From Volume 50 Number 1 | October–December 2021

Abstract: by Laura T. Hamilton and Kelly Nielsen
The University of Chicago Press
294 pages
ISBN-13: 978-0-226-60540-1 (cloth)
ISBN-13:978-0-226-74745-3 (paper)
ISBN-13: 978-0-226-74759 (e-book)

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Conference Recordings

Published
October 5, 2021

Can a Campus Plan Drive Equity?

Wake Tech Says Yes!

Come find out how you can apply lessons learned and strategies from Wake Tech's inclusive master planning process to successfully respond to opportunities and challenges of diverse enrollment on your campus.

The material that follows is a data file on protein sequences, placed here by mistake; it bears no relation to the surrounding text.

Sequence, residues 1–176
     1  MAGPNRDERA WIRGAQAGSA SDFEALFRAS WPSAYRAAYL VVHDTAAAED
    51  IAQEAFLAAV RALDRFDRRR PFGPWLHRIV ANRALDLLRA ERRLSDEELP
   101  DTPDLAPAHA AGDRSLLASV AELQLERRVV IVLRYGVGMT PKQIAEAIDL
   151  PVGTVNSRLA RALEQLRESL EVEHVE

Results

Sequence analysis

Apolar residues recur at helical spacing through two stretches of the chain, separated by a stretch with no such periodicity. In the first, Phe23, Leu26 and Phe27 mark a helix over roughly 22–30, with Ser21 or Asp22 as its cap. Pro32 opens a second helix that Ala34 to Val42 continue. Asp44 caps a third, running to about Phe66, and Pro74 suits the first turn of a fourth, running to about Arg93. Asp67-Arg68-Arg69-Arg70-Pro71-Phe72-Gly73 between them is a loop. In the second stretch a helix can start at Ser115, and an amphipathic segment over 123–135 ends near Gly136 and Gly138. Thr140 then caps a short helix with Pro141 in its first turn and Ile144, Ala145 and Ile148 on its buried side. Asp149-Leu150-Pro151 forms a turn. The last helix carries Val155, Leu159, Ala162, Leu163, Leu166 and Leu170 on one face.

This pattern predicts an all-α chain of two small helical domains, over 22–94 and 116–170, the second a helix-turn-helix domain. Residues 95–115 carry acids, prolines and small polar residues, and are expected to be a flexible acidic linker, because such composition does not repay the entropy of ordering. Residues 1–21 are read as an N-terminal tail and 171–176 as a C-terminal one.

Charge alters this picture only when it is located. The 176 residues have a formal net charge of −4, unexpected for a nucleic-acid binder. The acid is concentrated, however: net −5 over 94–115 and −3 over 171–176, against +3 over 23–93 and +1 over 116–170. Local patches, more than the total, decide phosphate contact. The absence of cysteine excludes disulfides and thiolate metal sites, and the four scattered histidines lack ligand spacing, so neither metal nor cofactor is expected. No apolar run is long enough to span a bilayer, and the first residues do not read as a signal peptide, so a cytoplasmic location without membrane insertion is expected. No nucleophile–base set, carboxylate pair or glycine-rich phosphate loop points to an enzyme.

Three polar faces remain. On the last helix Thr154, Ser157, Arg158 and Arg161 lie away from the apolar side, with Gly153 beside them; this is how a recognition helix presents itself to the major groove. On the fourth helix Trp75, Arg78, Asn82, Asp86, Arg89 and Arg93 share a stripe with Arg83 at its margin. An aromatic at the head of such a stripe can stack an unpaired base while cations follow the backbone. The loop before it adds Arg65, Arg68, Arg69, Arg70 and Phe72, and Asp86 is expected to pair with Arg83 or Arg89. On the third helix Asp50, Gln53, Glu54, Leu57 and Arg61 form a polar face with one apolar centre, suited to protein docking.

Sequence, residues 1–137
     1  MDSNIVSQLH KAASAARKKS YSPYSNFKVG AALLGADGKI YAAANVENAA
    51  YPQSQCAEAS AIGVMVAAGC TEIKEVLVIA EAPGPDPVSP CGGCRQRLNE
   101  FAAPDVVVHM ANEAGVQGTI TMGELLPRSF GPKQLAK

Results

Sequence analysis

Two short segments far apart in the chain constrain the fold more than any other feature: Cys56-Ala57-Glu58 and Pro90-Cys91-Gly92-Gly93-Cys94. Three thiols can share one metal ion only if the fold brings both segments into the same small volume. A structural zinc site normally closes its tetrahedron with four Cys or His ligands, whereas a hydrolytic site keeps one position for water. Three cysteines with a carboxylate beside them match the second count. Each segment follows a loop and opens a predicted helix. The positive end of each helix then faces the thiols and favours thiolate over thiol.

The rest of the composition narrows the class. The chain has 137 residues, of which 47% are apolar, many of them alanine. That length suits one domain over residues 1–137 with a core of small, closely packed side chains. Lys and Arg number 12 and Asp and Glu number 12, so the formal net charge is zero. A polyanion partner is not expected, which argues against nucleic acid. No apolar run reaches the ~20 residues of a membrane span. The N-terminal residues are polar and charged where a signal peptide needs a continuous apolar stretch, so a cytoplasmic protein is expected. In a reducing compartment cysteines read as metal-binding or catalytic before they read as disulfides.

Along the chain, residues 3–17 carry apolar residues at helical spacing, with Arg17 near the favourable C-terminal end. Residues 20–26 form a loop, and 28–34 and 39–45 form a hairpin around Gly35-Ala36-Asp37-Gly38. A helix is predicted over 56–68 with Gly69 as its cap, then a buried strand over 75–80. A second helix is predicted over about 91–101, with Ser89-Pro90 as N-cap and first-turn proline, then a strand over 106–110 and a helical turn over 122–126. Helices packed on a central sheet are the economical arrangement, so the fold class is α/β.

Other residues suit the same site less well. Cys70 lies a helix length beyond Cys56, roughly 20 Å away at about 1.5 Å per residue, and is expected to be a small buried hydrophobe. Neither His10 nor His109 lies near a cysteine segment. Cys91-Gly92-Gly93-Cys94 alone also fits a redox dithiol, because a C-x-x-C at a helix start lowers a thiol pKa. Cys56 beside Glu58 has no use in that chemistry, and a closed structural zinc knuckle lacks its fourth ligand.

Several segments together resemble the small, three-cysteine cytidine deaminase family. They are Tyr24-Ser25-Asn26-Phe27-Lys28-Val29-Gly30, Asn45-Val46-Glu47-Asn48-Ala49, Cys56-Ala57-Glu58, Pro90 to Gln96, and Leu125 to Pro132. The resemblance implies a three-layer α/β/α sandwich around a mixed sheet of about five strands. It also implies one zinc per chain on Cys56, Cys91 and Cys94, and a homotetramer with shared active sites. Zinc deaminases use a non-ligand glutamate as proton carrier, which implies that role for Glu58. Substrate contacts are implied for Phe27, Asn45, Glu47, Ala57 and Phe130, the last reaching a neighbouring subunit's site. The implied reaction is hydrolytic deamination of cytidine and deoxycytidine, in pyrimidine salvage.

Abstract: This session will showcase best practices for successfully planning and funding higher education facilities to train future workforces, serve the community, leverage curriculum flexibility, and ensure student success, accessibility, and equity. Wake Technical Community College made a bold decision to reorganize its capital improvement plan to address inequality in an underserved population by creating a new future-forward campus. Come find out how you can apply lessons learned and strategies from Wake Tech's inclusive master planning process to successfully respond to opportunities and challenges of diverse enrollment on your campus.

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Planning for Higher Education Journal

Published
September 17, 2021

Teetering on the Demographic Cliff, Part 1

Prepare Now for the Challenging Times Ahead